bims-micpro Biomed News
on Discovery and characterization of microproteins
Issue of 2020‒08‒16
three papers selected by
Thomas Martinez
Salk Institute for Biological Studies


  1. Curr Protoc Bioinformatics. 2020 Sep;71(1): e103
    Brunet MA, Lekehal AM, Roucou X.
      Ten of thousands of open reading frames (ORFs) are hidden within genomes. These alternative ORFs, or small ORFs, have eluded annotations because they are either small or within unsuspected locations. They are found in untranslated regions or overlap a known coding sequence in messenger RNA and anywhere in a "non-coding" RNA. Serendipitous discoveries have highlighted these ORFs' importance in biological functions and pathways. With their discovery came the need for deeper ORF annotation and large-scale mining of public repositories to gather supporting experimental evidence. OpenProt, accessible at https://openprot.org/, is the first proteogenomic resource enforcing a polycistronic model of annotation across an exhaustive transcriptome for 10 species. Moreover, OpenProt reports experimental evidence cumulated across a re-analysis of 114 mass spectrometry and 87 ribosome profiling datasets. The multi-omics OpenProt resource also includes the identification of predicted functional domains and evaluation of conservation for all predicted ORFs. The OpenProt web server provides two query interfaces and one genome browser. The query interfaces allow for exploration of the coding potential of genes or transcripts of interest as well as custom downloads of all information contained in OpenProt. © 2020 The Authors. Basic Protocol 1: Using the Search interface Basic Protocol 2: Using the Downloads interface.
    Keywords:  OpenProt; alt-ORF; alternative ORF; sORF; small ORF
    DOI:  https://doi.org/10.1002/cpbi.103
  2. Redox Biol. 2020 Jul 29. pii: S2213-2317(20)30868-5. [Epub ahead of print] 101663
    Sreekumar PG, Kannan R.
      The mitochondrial-derived peptides (MDPs) are a new class of small open reading frame encoded polypeptides with pleiotropic properties. The prominent members are Humanin (HN) and small HN-like peptide (SHLP) 2, which encode 16S rRNA, while mitochondrial open reading frame of the twelve S c (MOTS-c) encodes 12S rRNA of the mitochondrial genome. While the multifunctional properties of HN and its analog 14-HNG have been well documented, their protective role in the retinal pigment epithelium (RPE)/retina has been investigated only recently. In this review, we have summarized the multiple effects of HN and its analogs, SHLP2 and MOTS-c in oxidatively stressed human RPE and the regulatory pathways of signaling, mitochondrial function, senescence, and inter-organelle crosstalk. Emphasis is given to the mitochondrial functions such as biogenesis, bioenergetics, and autophagy in RPE undergoing oxidative stress. Further, the potential use of HN and its analogs in the prevention of age-related macular degeneration (AMD) are also presented. In addition, the role of novel, long-acting HN elastin-like polypeptides in nanotherapy of AMD and other ocular diseases stemming from oxidative damage is discussed. It is expected MDPs will become a promising group of mitochondrial peptides with valuable therapeutic applications in the treatment of retinal diseases.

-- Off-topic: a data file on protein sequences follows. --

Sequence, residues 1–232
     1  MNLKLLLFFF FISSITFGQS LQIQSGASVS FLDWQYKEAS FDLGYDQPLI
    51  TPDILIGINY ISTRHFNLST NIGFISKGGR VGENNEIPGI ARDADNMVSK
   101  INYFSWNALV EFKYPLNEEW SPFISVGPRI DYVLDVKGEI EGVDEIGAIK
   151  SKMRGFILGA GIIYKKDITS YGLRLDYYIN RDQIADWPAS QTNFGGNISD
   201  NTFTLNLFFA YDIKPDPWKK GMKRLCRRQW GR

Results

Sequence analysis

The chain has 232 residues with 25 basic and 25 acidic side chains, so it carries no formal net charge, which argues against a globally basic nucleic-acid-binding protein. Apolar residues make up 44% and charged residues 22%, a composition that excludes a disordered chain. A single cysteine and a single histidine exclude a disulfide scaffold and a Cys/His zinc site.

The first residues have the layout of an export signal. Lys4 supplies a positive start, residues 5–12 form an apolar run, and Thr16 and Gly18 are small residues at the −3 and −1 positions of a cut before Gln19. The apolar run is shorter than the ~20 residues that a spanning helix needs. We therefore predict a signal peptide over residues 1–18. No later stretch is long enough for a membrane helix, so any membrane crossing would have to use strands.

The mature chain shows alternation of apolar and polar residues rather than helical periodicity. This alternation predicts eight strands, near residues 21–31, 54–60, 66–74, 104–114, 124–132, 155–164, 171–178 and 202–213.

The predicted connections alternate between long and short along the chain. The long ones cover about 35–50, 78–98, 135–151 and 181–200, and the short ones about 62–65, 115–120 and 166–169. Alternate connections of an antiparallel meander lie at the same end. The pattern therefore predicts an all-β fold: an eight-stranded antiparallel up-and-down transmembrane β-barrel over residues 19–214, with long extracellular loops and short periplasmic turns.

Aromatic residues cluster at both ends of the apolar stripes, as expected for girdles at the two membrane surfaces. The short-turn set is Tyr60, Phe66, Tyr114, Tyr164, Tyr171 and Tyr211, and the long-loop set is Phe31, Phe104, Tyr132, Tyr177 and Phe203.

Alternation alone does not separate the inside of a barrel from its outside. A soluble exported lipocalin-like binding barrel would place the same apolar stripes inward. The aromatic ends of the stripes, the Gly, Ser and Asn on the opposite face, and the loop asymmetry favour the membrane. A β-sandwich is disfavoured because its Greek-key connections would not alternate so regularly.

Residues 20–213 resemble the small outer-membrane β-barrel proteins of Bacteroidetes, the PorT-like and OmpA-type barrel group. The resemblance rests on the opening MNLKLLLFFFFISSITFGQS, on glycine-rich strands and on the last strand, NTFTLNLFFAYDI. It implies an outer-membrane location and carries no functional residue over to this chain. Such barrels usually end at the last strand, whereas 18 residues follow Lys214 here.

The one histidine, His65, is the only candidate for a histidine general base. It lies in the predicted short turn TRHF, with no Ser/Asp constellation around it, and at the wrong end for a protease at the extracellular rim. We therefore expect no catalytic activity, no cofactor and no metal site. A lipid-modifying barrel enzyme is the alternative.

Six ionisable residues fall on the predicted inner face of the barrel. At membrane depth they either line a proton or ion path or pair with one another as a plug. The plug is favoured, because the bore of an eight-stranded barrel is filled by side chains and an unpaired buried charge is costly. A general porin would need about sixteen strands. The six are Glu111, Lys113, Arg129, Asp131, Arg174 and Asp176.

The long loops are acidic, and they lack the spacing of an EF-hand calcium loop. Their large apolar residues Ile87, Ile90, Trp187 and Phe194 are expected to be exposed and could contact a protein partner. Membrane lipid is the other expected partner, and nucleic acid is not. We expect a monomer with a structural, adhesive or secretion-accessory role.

Keywords:  Mitochondria-derived peptides; Mitochondrial function; Nano delivery; Oxidative stress; Retinal pigment epithelium; Signal mechanisms
    DOI:  https://doi.org/10.1016/j.redox.2020.101663
  3. Am J Physiol Endocrinol Metab. 2020 Aug 10.
    Merry TL, Chan A, Woodhead JST, Reynolds JC, Kumaga H, Kim SJ, Lee C.
      Mitochondrial-derived peptides (MDPs) are small bioactive peptides encoded by short open reading frames (sORF) in mitochondrial DNA that do not necessarily have traditional hallmarks of protein-coding genes. To date, eight MDPs have been identified, all of which have been shown to have various cyto- or metabolo-protective properties. The 12S ribosomal RNA (MT-RNR1) gene harbors the sequence for MOTS-c, while the other seven MDPs, [humanin and small humanin-like peptides (SHLP) 1-6] are encoded by the 16S ribosomal RNA gene. Here we review the evidence that endogenous MDPs are sensitive to changes in metabolism, showing that metabolic conditions like obesity, diabetes and aging are associated with lower circulating MDPs. Whereas, in humans, muscle MDP expression is upregulated in response to stress that perturbs the mitochondria like exercise, some mtDNA mutation-associated diseases, and healthy aging, which potentially suggests a tissue-specific response aimed at restoring cellular or mitochondrial homeostasis. Consistent with this, treatment of rodents with humanin, MOTS-c and SHLP2 can enhance insulin sensitivity and offer protection against a range of age-associated metabolic disorders. Further, assessing how mtDNA variants alter the functions of MDPs is beginning to provide evidence that MDPs are metabolic signal transducers in humans. Taken together, MDPs appear to form an important aspect of a retrograde signaling network that communicates mitochondrial status with the wider cell, and to distal tissues, to modulate adaptative responses to metabolic stress. It remains to be fully determined whether the metabolo-protective properties of MDPs can be harnessed into therapies for metabolic disease.
    Keywords:  MOTS-c; Mitokine; ageing; mitochondria; mitochondrial derived peptides
    DOI:  https://doi.org/10.1152/ajpendo.00249.2020